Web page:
One of the more uplifting gems of the show is a 1939 painting by Henri Matisse called La Musique in which two women play music in front of a backdrop of undulating philodendron plants, succulent green throbbing against black, captured by the master with a generous fluidity that brings the plant to life and gives the overall work a jazzy rhythm that one can almost dance to. (While shown in the catalogue, this piece is represented in the actual show by an etching).
In time, one sees how the exotic plant was re-envisioned by modernist architects such as Richard Neutra, Oscar Niemeyer and landscape designer Roberto Burle Marx, and how it set up a biomorphic counterpoint to the machine-age grid of straight lines and right angles that otherwise dominated the Modern Movement.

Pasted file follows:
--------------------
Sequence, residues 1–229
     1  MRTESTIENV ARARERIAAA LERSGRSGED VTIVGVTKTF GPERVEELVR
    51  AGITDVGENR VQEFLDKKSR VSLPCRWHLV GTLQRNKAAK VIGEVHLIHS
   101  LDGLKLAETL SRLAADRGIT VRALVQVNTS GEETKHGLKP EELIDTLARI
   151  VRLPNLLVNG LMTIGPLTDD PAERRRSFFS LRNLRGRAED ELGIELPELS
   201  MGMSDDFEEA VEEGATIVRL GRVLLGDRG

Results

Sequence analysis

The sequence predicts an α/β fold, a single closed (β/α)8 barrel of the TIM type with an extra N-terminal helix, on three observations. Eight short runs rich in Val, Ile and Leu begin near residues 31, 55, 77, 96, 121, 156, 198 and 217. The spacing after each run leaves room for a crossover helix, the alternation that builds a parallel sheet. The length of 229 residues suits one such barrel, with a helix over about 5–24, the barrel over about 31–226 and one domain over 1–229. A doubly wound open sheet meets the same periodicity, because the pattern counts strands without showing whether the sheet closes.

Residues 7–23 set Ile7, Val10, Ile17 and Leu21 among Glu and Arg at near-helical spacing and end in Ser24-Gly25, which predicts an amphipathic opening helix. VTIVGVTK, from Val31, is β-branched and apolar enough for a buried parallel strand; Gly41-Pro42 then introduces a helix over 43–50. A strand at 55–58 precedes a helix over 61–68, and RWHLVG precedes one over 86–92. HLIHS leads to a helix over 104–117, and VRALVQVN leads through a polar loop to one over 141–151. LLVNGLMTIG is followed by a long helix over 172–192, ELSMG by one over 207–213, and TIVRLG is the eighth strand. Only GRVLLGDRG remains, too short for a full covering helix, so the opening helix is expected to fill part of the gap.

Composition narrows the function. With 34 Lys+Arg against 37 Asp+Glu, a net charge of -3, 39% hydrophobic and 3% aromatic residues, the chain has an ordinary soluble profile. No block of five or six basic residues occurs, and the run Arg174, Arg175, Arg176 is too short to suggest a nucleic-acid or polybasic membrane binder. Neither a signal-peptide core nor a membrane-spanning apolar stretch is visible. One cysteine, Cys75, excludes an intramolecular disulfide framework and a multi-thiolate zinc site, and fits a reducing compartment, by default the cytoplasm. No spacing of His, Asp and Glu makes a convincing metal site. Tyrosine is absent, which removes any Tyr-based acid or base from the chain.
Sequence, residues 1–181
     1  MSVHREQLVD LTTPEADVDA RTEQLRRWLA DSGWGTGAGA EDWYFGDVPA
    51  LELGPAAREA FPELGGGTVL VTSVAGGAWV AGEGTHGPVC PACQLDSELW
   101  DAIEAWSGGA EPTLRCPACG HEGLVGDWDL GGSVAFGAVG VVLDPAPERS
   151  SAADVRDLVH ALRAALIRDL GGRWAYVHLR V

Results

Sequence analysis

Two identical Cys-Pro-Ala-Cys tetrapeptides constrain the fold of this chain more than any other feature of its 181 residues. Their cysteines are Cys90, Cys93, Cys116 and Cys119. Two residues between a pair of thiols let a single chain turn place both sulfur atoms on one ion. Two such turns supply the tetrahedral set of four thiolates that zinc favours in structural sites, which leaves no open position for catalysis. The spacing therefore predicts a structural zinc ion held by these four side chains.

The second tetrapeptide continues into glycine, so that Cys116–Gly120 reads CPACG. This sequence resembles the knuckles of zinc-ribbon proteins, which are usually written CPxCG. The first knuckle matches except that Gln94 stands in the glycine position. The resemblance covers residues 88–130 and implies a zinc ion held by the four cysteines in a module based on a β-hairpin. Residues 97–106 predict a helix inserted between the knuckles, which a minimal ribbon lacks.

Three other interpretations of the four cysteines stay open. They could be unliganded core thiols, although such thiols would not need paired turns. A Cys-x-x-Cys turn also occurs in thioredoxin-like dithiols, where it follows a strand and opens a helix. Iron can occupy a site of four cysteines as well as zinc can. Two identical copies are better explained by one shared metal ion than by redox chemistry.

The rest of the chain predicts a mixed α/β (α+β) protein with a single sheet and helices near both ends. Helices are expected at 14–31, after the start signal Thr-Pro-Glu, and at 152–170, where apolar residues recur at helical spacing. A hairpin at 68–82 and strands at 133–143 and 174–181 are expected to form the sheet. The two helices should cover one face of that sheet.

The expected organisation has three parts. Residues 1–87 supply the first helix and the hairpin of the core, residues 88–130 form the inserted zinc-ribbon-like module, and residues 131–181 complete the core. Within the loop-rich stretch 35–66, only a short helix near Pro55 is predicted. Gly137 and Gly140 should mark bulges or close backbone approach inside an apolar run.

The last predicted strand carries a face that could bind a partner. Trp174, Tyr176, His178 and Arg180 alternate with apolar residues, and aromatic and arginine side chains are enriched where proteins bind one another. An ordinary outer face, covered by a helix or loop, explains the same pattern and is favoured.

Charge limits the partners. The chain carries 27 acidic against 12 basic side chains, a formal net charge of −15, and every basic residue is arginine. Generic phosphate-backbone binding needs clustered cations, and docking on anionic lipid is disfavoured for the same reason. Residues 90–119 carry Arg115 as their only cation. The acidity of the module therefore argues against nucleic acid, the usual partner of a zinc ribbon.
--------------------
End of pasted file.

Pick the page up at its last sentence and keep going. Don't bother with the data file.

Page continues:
Burle Marx’s semi-Cubist painting, Still Life with Philodendron II , is a high point of the exhibition. Photographs by Julius Shulman show Neutra’s von Sternberg house (Los Angeles, 1947) and A. Quincy Jones’ Brody House (Los Angeles, 1952) with large potted philodendron plants as the only living, nonlinear objects in these otherwise Spartan interiors. The plant’s form is nothing if not architectonic, bringing a touch of color while creating a sculptural counterpoint to the floor-to-ceiling glass, white walls and floating staircases of the modern, mid-century home.
More locally, we see the tropical plant form reduced to lyrical abstraction in Francisco Brennand’s large-scale renderings on the blue-and-white tiled facade of the former Bacardi Headquarters (1963) on Biscayne Boulevard (now the YoungArts campus). The Wolfsonian exhibit includes several exuberant watercolor studies by Brennand for the Bacardi murals, and while his stylized plants may appear to be in heretical contradiction to the Meisian logic of Enrique Gutierrez’s steel structure, together the architecture and murals make for an idealized marriage of northern rigor and southern sensuality that suggests a model for future Miami collaborations. (The 2-year-old PAMM museum by architects Herzog and De Meuron picks up on just such a theme with its hovering geometries and tropical hanging plants by botanist Patrick Blanc.)